Nigeria resumes pilgrimages to Mecca, ending row over women
ABUJA (Reuters) - Nigeria has resumed flights to Saudi Arabia for the annual haj pilgrimage, ending a diplomatic row over the detention of hundreds of female pilgrims for arriving unaccompanied by men, the country's haj commission said on Tuesday.
Saudi authorities have deported more than 600 female Nigerian pilgrims and detained hundreds for trying to visit the Islamic holy city of Mecca without male relatives. Nigeria suspended flights to Saudi last week.
"Since the resumption of flights ... on Sunday a total of 8 flights have been operated conveying 3,786 pilgrims to the holy land," the Hajj Commission of Nigeria said in a statement.
"This success was recorded largely as a result of the directive given to state pilgrims' welfare boards, agencies, to ensure that only female pilgrims that have the appropriate Muharram (male companion) are boarded."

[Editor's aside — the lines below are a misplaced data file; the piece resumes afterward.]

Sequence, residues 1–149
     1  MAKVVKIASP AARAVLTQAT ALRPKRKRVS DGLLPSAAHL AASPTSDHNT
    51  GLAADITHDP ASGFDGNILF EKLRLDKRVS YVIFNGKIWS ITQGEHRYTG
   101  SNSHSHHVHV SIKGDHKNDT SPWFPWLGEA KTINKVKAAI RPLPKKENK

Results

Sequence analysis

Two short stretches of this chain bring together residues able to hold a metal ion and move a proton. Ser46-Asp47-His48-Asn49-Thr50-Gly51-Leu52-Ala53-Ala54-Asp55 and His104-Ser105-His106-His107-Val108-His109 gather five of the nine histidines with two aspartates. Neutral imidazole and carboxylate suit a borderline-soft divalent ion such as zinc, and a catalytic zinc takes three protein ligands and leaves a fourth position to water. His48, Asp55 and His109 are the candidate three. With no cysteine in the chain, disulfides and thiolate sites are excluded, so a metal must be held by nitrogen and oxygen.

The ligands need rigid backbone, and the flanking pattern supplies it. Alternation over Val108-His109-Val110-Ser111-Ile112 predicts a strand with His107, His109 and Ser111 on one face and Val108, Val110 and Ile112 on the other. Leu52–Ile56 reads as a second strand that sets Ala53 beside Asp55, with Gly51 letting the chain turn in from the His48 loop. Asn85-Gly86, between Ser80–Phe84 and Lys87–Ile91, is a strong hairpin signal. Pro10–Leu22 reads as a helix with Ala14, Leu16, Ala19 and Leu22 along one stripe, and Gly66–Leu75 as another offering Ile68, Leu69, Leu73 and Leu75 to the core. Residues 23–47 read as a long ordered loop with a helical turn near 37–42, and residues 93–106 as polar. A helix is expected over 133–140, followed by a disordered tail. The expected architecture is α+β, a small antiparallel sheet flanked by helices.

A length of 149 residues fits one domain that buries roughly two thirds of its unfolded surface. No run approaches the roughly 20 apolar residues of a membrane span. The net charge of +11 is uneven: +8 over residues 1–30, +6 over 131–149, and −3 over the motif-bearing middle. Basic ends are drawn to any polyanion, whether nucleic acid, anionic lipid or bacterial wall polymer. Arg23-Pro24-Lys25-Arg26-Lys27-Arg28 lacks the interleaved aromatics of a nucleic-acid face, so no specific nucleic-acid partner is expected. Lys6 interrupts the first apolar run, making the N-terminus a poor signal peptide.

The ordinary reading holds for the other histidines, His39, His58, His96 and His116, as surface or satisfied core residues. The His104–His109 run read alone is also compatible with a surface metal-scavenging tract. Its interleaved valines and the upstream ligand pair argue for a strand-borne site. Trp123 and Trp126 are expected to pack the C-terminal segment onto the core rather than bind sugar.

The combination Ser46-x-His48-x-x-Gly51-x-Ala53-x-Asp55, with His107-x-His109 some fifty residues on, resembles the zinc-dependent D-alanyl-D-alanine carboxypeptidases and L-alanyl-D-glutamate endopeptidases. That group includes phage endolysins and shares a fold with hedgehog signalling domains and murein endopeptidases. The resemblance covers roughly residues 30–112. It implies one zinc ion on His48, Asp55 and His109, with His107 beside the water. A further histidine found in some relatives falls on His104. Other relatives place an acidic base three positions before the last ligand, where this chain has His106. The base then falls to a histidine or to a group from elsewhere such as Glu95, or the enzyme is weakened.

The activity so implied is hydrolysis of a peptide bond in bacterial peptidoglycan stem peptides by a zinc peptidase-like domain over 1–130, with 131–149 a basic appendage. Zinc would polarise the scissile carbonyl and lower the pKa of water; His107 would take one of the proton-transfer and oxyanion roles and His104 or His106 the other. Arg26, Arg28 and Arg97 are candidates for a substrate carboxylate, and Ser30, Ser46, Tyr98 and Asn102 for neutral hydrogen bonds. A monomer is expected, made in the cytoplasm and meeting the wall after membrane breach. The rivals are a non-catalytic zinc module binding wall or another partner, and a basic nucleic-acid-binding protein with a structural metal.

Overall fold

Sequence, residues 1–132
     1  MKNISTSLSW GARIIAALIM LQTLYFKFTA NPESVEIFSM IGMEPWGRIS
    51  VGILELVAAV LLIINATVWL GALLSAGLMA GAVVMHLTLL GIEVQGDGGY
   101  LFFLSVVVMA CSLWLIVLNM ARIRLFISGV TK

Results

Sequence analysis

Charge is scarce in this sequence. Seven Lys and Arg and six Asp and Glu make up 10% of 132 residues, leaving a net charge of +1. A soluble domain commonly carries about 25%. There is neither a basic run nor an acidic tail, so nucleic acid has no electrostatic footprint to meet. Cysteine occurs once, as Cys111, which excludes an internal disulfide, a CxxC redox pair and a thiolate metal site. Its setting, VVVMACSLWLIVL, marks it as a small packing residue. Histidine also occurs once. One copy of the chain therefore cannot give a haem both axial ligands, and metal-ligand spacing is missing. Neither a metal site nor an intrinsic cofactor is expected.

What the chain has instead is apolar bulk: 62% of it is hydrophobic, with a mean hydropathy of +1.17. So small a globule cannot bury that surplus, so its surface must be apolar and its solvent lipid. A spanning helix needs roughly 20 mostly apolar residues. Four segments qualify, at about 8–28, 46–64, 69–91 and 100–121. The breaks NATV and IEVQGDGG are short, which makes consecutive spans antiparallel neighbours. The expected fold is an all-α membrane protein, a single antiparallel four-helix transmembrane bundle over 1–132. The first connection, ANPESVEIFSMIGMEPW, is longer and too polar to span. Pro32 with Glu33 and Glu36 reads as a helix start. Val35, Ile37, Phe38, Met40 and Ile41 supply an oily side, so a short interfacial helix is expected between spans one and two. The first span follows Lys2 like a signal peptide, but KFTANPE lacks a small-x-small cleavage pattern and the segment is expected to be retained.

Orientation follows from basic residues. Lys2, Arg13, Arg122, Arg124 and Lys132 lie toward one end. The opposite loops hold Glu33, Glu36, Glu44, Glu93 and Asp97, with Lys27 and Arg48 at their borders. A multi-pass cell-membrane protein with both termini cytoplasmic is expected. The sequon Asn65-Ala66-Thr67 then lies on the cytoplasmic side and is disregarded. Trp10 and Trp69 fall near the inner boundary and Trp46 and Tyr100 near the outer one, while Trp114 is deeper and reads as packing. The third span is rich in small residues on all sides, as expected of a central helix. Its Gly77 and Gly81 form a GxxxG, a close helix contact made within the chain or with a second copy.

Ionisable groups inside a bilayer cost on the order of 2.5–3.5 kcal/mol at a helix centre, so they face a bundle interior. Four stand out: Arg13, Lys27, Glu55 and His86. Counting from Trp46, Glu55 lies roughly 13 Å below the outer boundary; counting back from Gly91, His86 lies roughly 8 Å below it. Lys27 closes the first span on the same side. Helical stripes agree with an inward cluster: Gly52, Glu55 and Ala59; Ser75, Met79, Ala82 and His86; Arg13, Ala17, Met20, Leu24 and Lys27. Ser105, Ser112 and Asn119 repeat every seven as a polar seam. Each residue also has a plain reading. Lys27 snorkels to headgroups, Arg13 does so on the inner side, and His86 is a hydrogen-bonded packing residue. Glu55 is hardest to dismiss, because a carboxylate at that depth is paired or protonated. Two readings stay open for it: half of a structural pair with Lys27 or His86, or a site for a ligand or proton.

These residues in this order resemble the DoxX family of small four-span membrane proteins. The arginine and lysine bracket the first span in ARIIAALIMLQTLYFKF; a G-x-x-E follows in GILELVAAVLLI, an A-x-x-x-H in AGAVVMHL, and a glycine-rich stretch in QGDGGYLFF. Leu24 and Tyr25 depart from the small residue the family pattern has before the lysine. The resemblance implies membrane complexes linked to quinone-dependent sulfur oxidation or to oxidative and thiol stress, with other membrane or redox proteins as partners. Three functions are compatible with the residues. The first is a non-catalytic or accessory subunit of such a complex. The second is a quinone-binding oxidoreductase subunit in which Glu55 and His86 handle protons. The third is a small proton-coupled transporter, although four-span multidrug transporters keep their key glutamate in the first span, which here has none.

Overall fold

Women in Saudi Arabia are regarded as minors and require the permission of their guardian - father, brother, or husband - to leave the country, receive some kinds of medical treatment or work. They are not allowed to drive and are often expected to be accompanied in public by a male chaperone.
In Nigeria, where there are 80 million Muslims, many practice a less restrictive form of Islam in which women are more or less free to move around as they like.
All Muslims who are able are required to perform the haj pilgrimage at least once, as one of the five pillars of Islam. Numbers taking part have risen sharply over the last 80 years from around 20,000 in 1932 to nearly three million in 2011. (Reporting by Camillus Eboh; Writing by Joe Brock; Editing by Mark Heinrich)
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